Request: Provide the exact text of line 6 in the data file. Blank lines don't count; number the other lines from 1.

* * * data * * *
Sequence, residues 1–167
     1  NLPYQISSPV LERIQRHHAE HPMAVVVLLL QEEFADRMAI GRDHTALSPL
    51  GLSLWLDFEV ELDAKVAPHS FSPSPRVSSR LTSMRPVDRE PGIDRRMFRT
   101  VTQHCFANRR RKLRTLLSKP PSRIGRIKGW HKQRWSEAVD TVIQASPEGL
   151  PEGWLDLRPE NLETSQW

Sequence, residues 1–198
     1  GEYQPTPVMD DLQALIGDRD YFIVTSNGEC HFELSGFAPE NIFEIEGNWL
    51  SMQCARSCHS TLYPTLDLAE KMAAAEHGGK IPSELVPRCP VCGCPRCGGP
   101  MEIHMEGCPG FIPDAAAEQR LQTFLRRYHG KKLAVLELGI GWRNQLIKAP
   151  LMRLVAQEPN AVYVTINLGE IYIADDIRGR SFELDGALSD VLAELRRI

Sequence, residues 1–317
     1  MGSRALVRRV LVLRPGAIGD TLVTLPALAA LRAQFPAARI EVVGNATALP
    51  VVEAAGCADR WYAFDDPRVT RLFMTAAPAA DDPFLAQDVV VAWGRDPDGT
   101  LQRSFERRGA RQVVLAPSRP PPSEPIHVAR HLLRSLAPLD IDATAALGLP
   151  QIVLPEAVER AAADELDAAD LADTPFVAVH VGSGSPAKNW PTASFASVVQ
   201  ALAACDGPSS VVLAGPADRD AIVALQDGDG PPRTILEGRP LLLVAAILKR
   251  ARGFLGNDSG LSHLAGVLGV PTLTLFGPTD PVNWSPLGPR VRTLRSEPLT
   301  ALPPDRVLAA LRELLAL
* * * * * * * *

Sequence, residues 1–198